Circa: Beyond review – this is what feminist circus looks like
February 19, 2015
Circa isn’t the little Australian circus company that could, so much as the company than can, does and will. From its base in Queensland, the company has toured productions to 30 countries, gaining the praise of critics as well as the kind of loyal audience whose attendances encourage the development of tricks and shows.
It is so well-deserved. Circa established its reputation through making a kind of circus that played up to the adult connotations of the form. Stylistically influenced by neo-burlesque, its performers have appeared in variations on the theme of lingerie rather than leotards, engaged their acrobatics as a form of playful public flirtation, and explored the socio-sexual symbolism of objects – most famously, a pair of red high-heeled shoes – even as they tumbled and turned.
Beyond is an evolution of what is Circa’s already sophisticated practice and the symbolic objects in play this time are giant fluffy cartoon animal heads, worn at times by performers whose gestures are often more animalistic without them. On a playing space made up of definitively theatrical red velvet curtains and a series of small stages under the Regal Theatre’s old proscenium arch, the thematic explored is how playing social “roles” can liberate and restrict.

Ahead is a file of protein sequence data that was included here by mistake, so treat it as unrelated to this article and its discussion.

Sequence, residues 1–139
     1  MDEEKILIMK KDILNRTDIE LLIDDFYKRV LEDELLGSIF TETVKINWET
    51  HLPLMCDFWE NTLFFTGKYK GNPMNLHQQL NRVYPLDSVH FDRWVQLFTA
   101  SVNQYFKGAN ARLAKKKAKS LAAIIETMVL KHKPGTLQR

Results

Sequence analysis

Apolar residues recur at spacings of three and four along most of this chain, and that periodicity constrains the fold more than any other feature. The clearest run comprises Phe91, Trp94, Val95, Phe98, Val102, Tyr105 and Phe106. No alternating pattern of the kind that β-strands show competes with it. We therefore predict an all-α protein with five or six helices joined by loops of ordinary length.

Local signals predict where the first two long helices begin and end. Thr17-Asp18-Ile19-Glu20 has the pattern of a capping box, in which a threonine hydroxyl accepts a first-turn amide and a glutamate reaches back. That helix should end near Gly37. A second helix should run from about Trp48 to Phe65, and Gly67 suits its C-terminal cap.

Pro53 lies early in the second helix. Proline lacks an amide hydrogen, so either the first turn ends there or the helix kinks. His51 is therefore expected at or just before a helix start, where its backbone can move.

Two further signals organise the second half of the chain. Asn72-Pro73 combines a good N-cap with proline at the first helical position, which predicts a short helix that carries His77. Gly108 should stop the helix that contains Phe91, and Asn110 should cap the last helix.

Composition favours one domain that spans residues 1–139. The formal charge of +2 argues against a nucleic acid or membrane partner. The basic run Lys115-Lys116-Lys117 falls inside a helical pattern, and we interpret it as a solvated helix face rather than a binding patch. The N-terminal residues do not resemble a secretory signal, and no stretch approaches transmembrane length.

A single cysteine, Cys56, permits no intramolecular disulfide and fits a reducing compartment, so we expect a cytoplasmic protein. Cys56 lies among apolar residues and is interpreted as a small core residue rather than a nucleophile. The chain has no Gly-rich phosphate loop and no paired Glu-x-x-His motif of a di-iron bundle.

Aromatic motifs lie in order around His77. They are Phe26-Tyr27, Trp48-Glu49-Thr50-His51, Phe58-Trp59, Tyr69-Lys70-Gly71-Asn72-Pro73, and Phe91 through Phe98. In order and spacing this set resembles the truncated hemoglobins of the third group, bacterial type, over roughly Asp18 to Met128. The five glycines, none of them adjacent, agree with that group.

It’s a pointed observation in the context of what becomes very apparent in Beyond’s opening minutes in a daringly feminist show. Here, a female acrobat as indistinguishably lovely as any other is suddenly balancing a man on her shoulders – then, within seconds, she’s balancing two.
What follows is a procession of stage encounters that upend our expectation of who gets to be strong, tough, brave or capable in the circus, as Circa’s female artists deconstruct their skeletons in midair, leap across poles wearing blindfolds, solve Rubik’s cubes in the middle of multi-person balances and support male performers walking across their legs while they do the upside-down splits.
It is eye-goggling to watch, its feats of female physical resilience juxtaposed with acts of male balletic grace as well as tender slapstick, the male performers demonstrating that the more committed you are to your costume, the harder the tasks that should define you become. And there are, of course, plenty of tumbles and leaps along the way.
With Circa’s signature eclectic music choices ranging from Nat King Cole to contemporary electronica, it’s unpredictably excellent fun. With five curtain calls and women in the audience on their feet cheering at the end, I’m certainly not the only person who thought so.
Original article can be found here